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Are you thinking about changing jobs or careers? Well, you’re in good company. The average employee tenure at a job in 2018 in 4.2 years, according to the Bureau of Labor statistics.

Back in the day, there was a stigma attached to “job jumping” on your resume, and companies looked for stability in your background. After all, the expectation was that you would be at their company for a long time in the future.

This is definitely no longer the case.

How do you know when it’s time to leave your current job? Are there some signs and signals that a new job should be in your future consideration?

1. The work becomes so boring. You no longer find the work meaningful or fulfilling. “It’s just a paycheck, after all.” is your attitude. Or perhaps you’re not getting the kind of assignments you find challenging. It’s also possible that you’ve done the work for so long that it no longer interests you.

2. Steady complaining about your job…all of the time. Everything is wrong from the time you hit the door until you close your laptop at night. You have a bad attitude about everything and your family and friends are beginning to notice. Although this is sometimes hard to see, it’s important to understand when this is happening.

3. There’s a sinking, visceral feeling when you come into the office. This has happened to me working for a boss who was very challenging. When I parked my car in the morning and saw the building ahead of me, I got this unmistakable feeling of dread and upset.

4. You know you’re unhappy but you just don’t know why. There’s a certain unsettled feeling about your work. You aren’t sure what it could be…is it the job?

5. It’s time for a change…you’ve been at your career/job/location for so long. Or possibly, you dream about a location with better weather or you would love to see the changing seasons. Sometimes it’s just a longing for something different.

6. Dreaming about a different career or going into business for yourself is another possibility. This is a great opportunity to explore, but you keep putting it off. What if it doesn’t pay the same salary? What if I can’t get any business going?

7. There are hints…subtle and more direct from your current employer. These may be poor reviews, rumors of layoffs, challenging relationships with management, no promotion or salary increases in a while, or perhaps the company is in turmoil…stock price down, constant management changes.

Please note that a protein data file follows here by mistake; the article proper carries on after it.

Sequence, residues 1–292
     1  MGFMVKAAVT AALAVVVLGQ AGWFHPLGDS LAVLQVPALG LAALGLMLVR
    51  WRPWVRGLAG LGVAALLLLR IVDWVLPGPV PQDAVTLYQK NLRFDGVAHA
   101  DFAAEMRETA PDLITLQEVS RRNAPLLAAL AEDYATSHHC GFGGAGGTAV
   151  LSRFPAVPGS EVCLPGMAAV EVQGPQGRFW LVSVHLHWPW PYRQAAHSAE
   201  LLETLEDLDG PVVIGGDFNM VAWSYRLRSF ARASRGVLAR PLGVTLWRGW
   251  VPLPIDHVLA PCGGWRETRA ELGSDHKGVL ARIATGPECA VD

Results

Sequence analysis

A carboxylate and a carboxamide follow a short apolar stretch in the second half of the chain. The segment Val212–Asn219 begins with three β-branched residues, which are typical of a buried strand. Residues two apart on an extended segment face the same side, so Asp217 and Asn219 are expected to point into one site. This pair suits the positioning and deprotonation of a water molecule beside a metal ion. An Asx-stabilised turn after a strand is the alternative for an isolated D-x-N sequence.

If any of these ring true for you, is it time to consider alternatives to your current job? That’s really the place to start…what are the alternatives for your situation?

One of my clients found themselves in a situation where the rumors of downsizing were growing louder and louder in their company. This client hadn’t changed jobs in 20 years and there was a good bit of concern about what to do next.

We started with the basics…setting a vision for the future…..defining the new job/career from scratch to see and understand what is possible. I start with the future vision with all of my clients. It’s such an important picture to define clearly and comprehend as it sets a road map forward, and helps to define what the next steps are.

This client decided that they really didn’t want to work in such a negative atmosphere, just waiting for the next step to happen to them. By defining the vision for the future, the client was able to explore that they were ready for a new change in career…something less stressful and more meaningful. They made a decision to focus on working within non-profit organizations. As it happened, while we were working on the basics (Resume, Linked In, Career Brand, etc.), the company did eliminate the client’s position. They were able to collect severance to support the work that had already begun. It was a relief to my client that this work was already underway and they weren’t starting from scratch while out of work suddenly.

Similarly, a decision can also be made to stay in the current job, especially if there’s a need to mitigate risk in the job search. In that case, I always recommend applying for and interviewing for a new job once a year, just to see what your value is in the marketplace. It keeps your job hunting skills fresh and allows you to see the possibilities for yourself, which can be very eye-opening. It’s a great way to reduce your risk and keep you ready for any changes in the future.

It may be time for a change and all it takes is that first step forward.

ACTION CHALLENGE